Five Ways Promising Leaders Derail Their Careers

1. Betray Personal Trust

As a leader, you will find opportunities to create and strengthen relationships with your direct reports or peers. Sometimes this dynamic occurs when they deliberately or inadvertently share private details. The gradual disclosure of increasingly personal information is a great way to build trust. However, if you use that information to further your causes at the expense of others, you betray an implicit compact. You may try to justify your actions and say they should not have shared so much of their private information, thoughts, or fears with you. Perhaps they did overshare; that does not exempt you from your judgment. They trusted you with information, and you did not take that trust seriously. That will always harm you.

2. Selfish Overt Ambition and Arrogance

Ambition is good, far better than its’ opposite, apathy, and indifference. Similarly, a little cockiness is fine, maybe even justified. However, do not blatantly step on people so you can scramble up an imaginary ladder of success. When you complain about others who are in your way, you will eventually topple over with a resounding thud.

3. Chronic Inability to Delegate or Build a Team

Nearly every occupation requires the help of others to be successful. If you cannot delegate tasks to those who could be more effective, efficient, or creative than you or do not have the skills to build and manage a team for a specific project, you severely limit your growth potential. Depending on your role, you can hide the deficiency for a while, but eventually, it will run you off your success track.

4. An Insensitive, Intimidating, or Bullying Style

Despite widespread claims, there is a way to succeed without employing abrasive tactics. People often misinterpret these characteristics as strengths because the reality is that they do produce short-term results. If you feel stuck in a quagmire and see someone get results using these methods, it is easy to exalt them as a white night. Unfortunately, the problem is that besides being lazy and fostering discontent, fear, and loathing, it is also fake strength trying to disguise weakness — a profoundly self-limiting behavior. Fortunately, many people have learned how to easily recognize these trite tactics, attributes, and failings and rightly call them out sooner before they cause too much destruction. The abrasive way may be an express train, but if you ride it, the only thing assured is falling off the rails at a faster speed.

5. Vacillation Between Extremes of Over and Under Management

A prevalent problem with new managers, in particular, is wanting to be everyone’s buddy when they first start, so they take a lenient, hands-off approach. Perhaps they were the one friend promoted from within the group, which can be awkward, so they want to assure everyone that they are still the same person. They are not. Now they are accountable, and when they do not produce the required results, fear and desperation force them to put the hammer down. They overcompensate and scrutinize everything. Alternatively, the reverse can happen when there is a mismatch, and the new manager arrives with a “there’s a new sheriff in town attitude,” which frequently eviscerates a previously high-performing culture. There is a continuum of leadership styles from direction to entire delegation, and leaders who do not know where, when, and how to use them invariably screw up.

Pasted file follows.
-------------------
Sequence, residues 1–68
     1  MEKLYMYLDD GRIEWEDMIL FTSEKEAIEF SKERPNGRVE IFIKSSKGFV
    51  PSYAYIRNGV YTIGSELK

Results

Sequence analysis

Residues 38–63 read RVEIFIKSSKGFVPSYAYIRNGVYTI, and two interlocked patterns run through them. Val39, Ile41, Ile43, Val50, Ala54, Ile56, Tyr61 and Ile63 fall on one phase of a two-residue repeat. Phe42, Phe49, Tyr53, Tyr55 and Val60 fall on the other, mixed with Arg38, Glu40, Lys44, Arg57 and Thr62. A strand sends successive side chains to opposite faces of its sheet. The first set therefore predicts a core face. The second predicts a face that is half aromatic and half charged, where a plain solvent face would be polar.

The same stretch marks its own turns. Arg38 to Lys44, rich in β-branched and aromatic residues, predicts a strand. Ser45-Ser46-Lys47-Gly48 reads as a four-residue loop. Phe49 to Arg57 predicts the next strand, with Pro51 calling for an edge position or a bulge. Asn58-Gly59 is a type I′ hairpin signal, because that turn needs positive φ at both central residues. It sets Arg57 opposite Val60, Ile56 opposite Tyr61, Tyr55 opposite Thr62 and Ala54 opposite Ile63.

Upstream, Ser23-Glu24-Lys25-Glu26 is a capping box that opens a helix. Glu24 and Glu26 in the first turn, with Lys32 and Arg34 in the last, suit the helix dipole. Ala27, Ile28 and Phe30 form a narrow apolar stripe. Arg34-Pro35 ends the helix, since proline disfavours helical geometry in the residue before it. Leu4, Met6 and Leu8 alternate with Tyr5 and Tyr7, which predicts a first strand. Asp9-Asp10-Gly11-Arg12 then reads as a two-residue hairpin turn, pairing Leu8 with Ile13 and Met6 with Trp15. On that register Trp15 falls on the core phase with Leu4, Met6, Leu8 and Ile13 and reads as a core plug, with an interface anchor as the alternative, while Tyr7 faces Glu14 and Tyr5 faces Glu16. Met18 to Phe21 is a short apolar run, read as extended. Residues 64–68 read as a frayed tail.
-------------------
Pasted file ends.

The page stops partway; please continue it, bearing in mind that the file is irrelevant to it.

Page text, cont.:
Some of these common errors are forgivable, provided you bounce back with humility and correct your ways. It’s far easier, and you’ll enjoy your leadership journey more if you make an effort to avoid them in the first place.

Raise Your Standards

Anyone who devalues you, your ambitions, contributions, or talents has no place in your life. Raise your standards and minimize their influence on you.

Lousy leaders tend to treat you like they’re doing you a favor. They belittle your ambitions, barely recognize your contributions, and ignore your talents. Sometimes friends and loved ones do this too, protecting their interests, not promoting yours.

Those who do this successfully have too much leverage over you; financial, psychological, emotional, physical, and they use it to extract compliance from you.

Sometimes you’re stuck. Endure what you must.

While they are abusing their power, stop letting them rob you of yours. Make it a primary goal to realign the dynamic. Detach from them and trade up to those who celebrate, challenge, educate, and honor you and your unique abilities.

Never stop doing this.

15 Questions

How well do you know your organization? Find out by answering the 15 questions posed by Leadership Consultant Karl Bimshas. A crucial and perhaps humbling exercise for business owners and leaders of any organization. => https://youtu.be/phiFXIA1FQM

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Karl Bimshas

Karl Bimshas

Boston-bred and California-chilled Leadership Adviser | Writer | Podcast Host who helps busy professionals who want to manage better and lead well.